As stated in the article, quitting is an art. Nothing to be ashamed of, nor feared. If used prudently, it can also teach us a lot about ourselves. Our limits, our boundaries and more.

That doesn't mean we have to accept those limitations. It simply means they exist within us at that moment in time. We can then strive to overcome them. Perhaps its a physical limitation that more exercise/workouts will overcome, perhaps its a mental fear/block that we need to look within to overcome.

By knowing when to quit it does not mean you are giving up, simply that you have recognized you are not at a stage where you can conquer or master that particular moment in life.

As @professorbromide mentioned the idea that has been beaten into society for eons (mostly into us males) comes from participation in sports or other "external" activities. While these moments certainly do have value and importance, some fans/players are quite rabid, they in general do not have long lasting, life impacting implications. They are for entertainment when distilled down to the base element.

Therefore, quitting is seen as quite distasteful, an anathema in fact. It denotes poor sportsmanship (another topic altogher), laziness, lack of team spirit/support. All the traits you are supposed to learn to go on and be a productive member of society.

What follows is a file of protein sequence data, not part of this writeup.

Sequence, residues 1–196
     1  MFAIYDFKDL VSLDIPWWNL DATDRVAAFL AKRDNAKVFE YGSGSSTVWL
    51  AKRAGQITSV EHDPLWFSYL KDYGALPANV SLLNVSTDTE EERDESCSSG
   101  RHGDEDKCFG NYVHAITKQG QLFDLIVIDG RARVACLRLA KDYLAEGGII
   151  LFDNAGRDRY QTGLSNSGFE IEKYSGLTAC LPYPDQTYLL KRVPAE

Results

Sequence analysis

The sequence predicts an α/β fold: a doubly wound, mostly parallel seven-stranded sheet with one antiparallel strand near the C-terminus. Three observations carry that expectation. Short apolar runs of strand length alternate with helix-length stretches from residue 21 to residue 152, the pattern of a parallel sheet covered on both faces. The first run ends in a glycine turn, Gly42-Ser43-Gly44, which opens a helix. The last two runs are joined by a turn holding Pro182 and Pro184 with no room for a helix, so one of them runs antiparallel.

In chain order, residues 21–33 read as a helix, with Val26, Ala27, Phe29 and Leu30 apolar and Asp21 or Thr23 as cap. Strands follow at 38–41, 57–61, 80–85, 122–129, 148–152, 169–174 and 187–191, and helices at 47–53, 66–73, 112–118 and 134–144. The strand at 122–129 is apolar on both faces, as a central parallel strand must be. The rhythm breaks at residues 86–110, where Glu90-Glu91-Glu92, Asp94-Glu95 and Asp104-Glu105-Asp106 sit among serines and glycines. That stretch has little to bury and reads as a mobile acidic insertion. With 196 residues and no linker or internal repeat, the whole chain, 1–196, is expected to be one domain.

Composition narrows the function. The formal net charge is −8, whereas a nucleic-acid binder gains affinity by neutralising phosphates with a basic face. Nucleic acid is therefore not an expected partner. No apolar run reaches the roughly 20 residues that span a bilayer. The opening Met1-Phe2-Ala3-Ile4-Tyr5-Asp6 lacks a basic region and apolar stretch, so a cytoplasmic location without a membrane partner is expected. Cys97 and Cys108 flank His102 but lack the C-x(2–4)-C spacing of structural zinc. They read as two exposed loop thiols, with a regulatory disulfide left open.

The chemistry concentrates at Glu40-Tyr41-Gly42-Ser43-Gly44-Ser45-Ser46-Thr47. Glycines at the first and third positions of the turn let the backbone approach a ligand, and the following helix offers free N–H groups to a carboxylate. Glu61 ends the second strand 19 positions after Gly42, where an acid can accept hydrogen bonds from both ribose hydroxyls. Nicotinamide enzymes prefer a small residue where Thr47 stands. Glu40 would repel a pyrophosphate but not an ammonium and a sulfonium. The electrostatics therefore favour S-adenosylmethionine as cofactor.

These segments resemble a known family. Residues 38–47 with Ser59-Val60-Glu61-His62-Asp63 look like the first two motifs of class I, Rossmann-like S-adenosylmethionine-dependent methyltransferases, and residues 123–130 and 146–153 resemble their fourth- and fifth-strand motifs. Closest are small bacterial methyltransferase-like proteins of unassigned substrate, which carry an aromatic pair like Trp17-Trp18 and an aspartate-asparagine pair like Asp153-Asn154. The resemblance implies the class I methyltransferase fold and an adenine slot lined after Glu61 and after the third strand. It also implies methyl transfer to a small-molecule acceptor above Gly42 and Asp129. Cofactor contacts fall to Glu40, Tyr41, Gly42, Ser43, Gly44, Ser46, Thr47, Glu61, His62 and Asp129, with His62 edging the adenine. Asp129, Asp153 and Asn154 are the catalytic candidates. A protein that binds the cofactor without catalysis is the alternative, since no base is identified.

However, like most things that are taught to us as children, the effect or impact becomes magnified exponentially as we grow up. What we once did for fun, becomes a hobby, then a job, then a multi-million dollar career and suddenly the idea of quitting is one as Vince L. describes.

What does that say about us as a society? We need more coaches/books/teachers such as Tommy Angelo who realize that quitting does not equal giving up and sometimes the strongest thing an individual can do is recognize their failures and work to overcome the, bettering and improving themselves, rather than banging their head against a moment they will never succeed in. Thing long term, not short.

Interesting thoughts. Rather than just sticking in there and not giving up no matter what, he has made an art out of knowing when it's a good time to quit, and when it's a good time for someone else to quit (even if they don't... which can lead to profit for him).

To listen to the audio version of this article click on the play image.

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We never give up in life

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Only one thought in my heart is that the winner will never run and the runner will never win.